You could be paying heavily for anti-wrinkle creams that don’t really work, say researchers in the US. Women here say they want the luxe treatment
Researchers who tried out the cream for 12 weeks on women between the age of 30 and 70,
found the luxury products smoothed out some fine lines and wrinkles, but were only able to
reduce the average depth of wrinkles by less than 10 per cent, a change barely
visible to the naked eye. In fact, two inexpensive brands of cream turned out to be
the most powerful anti-wrinkle formulations and researchers concluded that there is no
correlation between the price and effectiveness.
Can’t resist a divine face cream that promises a zero wrinkle face and a blemish free T-zone? Or an anti-wrinkle formula with the delicious fragrance of pink grapefruit and ylang ylang?
You may be paying only for the perfume and the texture of the cream, say beauty experts who are going by new research on the subject. A study done by a US consumer reports magazine reported that a regular cream might be more effective in reducing wrinkles than a premium product.
Despite the study’s findings, most women are unconvinced. Says style expert Sheetal Sharma, "A premium cream makes me feel better. I look for many things when I’m buying an anti-wrinkle cream – it has to be waterbased, contain ceramides and have an SPF of 30. This kind of combination is not available in a regular cream. I don’t mind spending extra on my skin.”
Adds communications consultant Pratichi T, "Frankly, I would question the research because many studies are conducted with vested interests. Also, I believe that if something costs a lot, there is a premium value, by way of expensive ingredients or long term research. I would continue using luxury brands.”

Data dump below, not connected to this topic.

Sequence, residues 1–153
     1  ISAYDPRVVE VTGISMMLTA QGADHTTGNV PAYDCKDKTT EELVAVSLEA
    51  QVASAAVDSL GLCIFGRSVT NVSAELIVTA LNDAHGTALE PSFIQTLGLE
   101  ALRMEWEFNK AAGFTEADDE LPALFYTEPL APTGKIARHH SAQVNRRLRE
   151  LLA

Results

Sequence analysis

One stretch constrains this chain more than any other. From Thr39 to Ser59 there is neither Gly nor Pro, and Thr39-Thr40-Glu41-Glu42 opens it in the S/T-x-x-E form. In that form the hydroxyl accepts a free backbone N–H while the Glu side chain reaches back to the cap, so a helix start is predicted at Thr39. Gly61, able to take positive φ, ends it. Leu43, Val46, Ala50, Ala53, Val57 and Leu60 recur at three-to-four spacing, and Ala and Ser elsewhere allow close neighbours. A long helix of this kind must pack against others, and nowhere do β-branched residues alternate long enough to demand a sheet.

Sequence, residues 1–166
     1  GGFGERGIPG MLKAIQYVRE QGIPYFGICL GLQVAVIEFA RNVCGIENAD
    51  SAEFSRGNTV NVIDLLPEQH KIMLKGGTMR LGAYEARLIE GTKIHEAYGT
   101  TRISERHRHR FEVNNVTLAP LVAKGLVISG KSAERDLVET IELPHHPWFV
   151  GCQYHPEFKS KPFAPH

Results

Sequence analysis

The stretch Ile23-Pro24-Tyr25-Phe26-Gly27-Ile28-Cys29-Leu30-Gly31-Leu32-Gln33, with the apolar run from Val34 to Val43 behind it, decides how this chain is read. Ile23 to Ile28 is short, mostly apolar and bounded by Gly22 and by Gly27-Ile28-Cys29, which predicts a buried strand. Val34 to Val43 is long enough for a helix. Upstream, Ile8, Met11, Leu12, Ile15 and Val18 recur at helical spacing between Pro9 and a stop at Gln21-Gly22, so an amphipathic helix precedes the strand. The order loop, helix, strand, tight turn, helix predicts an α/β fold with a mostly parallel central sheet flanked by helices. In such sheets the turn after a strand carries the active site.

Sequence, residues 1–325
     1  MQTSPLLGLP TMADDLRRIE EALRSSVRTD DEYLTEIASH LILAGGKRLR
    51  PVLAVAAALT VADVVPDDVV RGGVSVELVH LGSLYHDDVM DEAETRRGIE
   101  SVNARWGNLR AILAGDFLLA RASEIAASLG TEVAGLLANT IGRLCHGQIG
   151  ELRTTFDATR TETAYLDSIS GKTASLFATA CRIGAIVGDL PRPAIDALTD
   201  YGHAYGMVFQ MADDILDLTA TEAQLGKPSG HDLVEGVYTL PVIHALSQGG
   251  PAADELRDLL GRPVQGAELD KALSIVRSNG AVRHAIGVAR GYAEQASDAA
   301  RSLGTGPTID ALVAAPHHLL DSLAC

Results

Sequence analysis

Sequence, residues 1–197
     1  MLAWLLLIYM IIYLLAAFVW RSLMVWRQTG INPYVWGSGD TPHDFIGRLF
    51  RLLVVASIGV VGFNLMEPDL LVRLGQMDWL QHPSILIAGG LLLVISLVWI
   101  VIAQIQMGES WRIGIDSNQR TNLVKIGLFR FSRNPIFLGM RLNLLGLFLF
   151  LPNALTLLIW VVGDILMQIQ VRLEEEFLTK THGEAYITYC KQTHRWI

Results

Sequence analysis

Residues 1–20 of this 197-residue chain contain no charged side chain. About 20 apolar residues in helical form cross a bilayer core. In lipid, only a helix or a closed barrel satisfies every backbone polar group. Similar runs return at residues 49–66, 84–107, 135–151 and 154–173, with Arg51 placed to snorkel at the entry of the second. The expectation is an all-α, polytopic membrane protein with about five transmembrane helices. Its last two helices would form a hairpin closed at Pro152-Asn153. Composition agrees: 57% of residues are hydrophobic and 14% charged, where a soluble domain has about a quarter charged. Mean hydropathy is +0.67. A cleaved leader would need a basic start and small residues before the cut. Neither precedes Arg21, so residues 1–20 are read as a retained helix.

But are these creams as good as they claim to be? Says beauty expert Leila Sharma, "We are taught in beauty school that nothing goes into the inner layers of the skin unless it is injected or ‘sent in’ with the aid of electricity. What we are treating with creams is the surface and this is
made up of dead cells. A cream works on those cells by hydrating them, making sure they are artificially plumped. So as long as you are using a product to add bulk to the wrinkles and improve the surface, that will do.”
According to dermatologist Dr Anil Abraham, a lot of the time consumers are paying for a brand name. "You usually pay for the feel-good factor of the cream. I’ve noticed among patients that they don’t want to use a medicated cream but are happy to accept a commercial one because companies make them consumer-friendly. It’s not entirely possible to conduct research on creams like this on women because each woman differs from the other in so many ways. But what everyone should do is check with a doctor before using a cosmetic cream instead of buying them over the counter.”
Adds beauty expert Manjul Gupta, "I don’t think it’s a question of whether you should use cheap or premium products, but whether it suits you. An ordinary cream can work wonders for you if it suits your skin conditions or it could be a luxury product that is best for you. You have to decide with the help of a professional.”